Managing Risk in SME Businesses.
Every business has to deal with risks on a daily basis. Simply putting capital into your business involves risk but you do so in the belief that you will get a better return from your enterprise than you might get from putting it on deposit in a bank or into stocks or bonds. So what are the different elements of risk that you meet in your business and how do you effectively mitigate these risks?
There are a variety of risks in every business, although individual firms will have different risk profiles. It is important to be able to identify what the greatest risks are for your business and to devise business strategies that mitigate these risks. Bear in mind that all risks cannot be mitigated because some risks may well be outside of your control. However, if you have taken time to consider the risks facing your business from time to time, and have taken decisions as to how you will deal with these risks should they become a pressing reality, then you will be at least half way to dealing with them rather than being simply overwhelmed.
Business risks are usually categorised as Environmental or Business and Economic. Environmental risk relates to legal and regulatory changes that may possibly put your business at a disadvantage. Keeping appraised of laws and regulations that are being considered by Federal and Local Government can allow you to anticipate what is coming and to prepare counter-measures that protect your business. Employment laws are another environmental risk that you need to keep appraised of. An example of this is minimum wage levels, which can have a significant impact on a business’s cost base should the Government decide to increase the statutory minimum.
Economic risk relates to changes in Global or local economies that can impact your business. Recession is one example which dampens demand for goods and services. Another example might be a large employer in your area moving production to a cheaper country and leaving a lot of unemployed people with little spending power in your neighbourhood. There is also the topical issue of the Euro currency area and the stability and sustainability of the currency. Should the currency collapse, what impact would this have on your business? Would it close off an important market for your business? Would you lose money because you decided to invoice European customers in Euro currency and you are carrying a significant amount of Euro denominated receivables?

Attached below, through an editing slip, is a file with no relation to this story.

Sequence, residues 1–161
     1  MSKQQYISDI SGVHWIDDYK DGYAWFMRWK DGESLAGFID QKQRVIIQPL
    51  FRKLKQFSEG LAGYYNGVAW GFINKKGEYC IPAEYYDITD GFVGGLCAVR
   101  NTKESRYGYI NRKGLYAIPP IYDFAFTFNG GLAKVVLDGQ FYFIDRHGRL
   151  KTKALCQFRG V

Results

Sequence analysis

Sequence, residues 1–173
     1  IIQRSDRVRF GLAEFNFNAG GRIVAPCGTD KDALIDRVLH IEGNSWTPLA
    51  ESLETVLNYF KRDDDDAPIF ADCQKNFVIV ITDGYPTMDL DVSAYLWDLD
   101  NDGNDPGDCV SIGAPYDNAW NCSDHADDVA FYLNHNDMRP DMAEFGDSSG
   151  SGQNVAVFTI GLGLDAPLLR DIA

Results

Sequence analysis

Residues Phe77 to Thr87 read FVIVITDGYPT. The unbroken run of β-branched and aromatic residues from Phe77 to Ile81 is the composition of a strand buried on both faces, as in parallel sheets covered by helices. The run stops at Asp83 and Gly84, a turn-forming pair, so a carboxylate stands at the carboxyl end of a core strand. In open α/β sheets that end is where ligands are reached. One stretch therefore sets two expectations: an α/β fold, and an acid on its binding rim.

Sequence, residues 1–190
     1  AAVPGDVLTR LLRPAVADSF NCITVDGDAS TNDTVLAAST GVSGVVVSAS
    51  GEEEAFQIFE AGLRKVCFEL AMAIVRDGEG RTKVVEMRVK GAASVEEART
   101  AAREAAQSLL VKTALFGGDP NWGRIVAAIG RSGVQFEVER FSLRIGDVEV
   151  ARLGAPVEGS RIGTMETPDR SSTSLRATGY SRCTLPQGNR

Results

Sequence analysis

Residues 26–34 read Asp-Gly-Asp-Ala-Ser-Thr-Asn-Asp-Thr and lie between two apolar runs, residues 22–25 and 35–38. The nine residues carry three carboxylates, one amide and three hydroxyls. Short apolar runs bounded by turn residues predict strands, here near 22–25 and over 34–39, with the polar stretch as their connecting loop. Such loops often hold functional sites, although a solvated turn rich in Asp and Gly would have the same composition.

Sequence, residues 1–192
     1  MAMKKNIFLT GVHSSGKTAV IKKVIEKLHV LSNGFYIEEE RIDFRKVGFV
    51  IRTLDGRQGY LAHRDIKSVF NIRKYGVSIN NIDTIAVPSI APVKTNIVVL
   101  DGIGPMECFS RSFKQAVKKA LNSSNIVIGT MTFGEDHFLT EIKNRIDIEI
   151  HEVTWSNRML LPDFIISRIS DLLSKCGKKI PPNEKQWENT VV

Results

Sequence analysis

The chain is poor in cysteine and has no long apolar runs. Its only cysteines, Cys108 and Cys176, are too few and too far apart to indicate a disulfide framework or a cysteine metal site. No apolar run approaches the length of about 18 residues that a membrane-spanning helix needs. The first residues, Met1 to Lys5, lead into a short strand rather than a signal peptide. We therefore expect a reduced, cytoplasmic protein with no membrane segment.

Business risks include:
- changes in the cost structure of your business
- cash flow
- seasonality of your business
- dependence on certain customers
- dependence on certain suppliers
- product liability
- availability of adequate funding
- credit risk/ getting paid by customers on time
The list will differ based on your firm’s individual circumstances. No business is risk free and typically the more risk you take the greater the reward will be. Nevertheless, don’t be tempted to be a gambler that risks your business on the roll of a dice. Sustainable growth based on calculated risk and reasonable profit levels is a smarter way to operate. It may take more time to get you to where you ultimately want to be but you will have a far better chance of getting there with your shirt still on your back as well as having a couple of extra ones in your cupboard. The “greed is good” culture has lost some of its appeal since 2008 and realism is now the order of the day.
The approach I recommend to small and medium businesses is to create a list of possible business risks that could face their business. Think outside the box and ensure that you have a list of 10 or more items. Now take the list and order it on the basis of what would be the most catastrophic for your business and the most likely to occur. You could also do it on the basis of a matrix as shown below.
Now that you have established a list of risks in each quadrant, you should look at the risks that are important and likely first. For each risk in this category, you need to decide how you can reduce each individual risk by taking specific actions. In some cases, there may be nothing you can do to mitigate the risk in the short-term.
However, you may decide to take different business decisions that reduce your risk of exposure in the longer term. Now move on and do exactly the same in each of the other quadrants where you have identified that risk exists. Come up with decisions you can take and tactics you can employ to mitigate these risks also. So long as you regularly review business risks and your plans to mitigate them, the less impact they will ultimately have on your business, should they come to pass.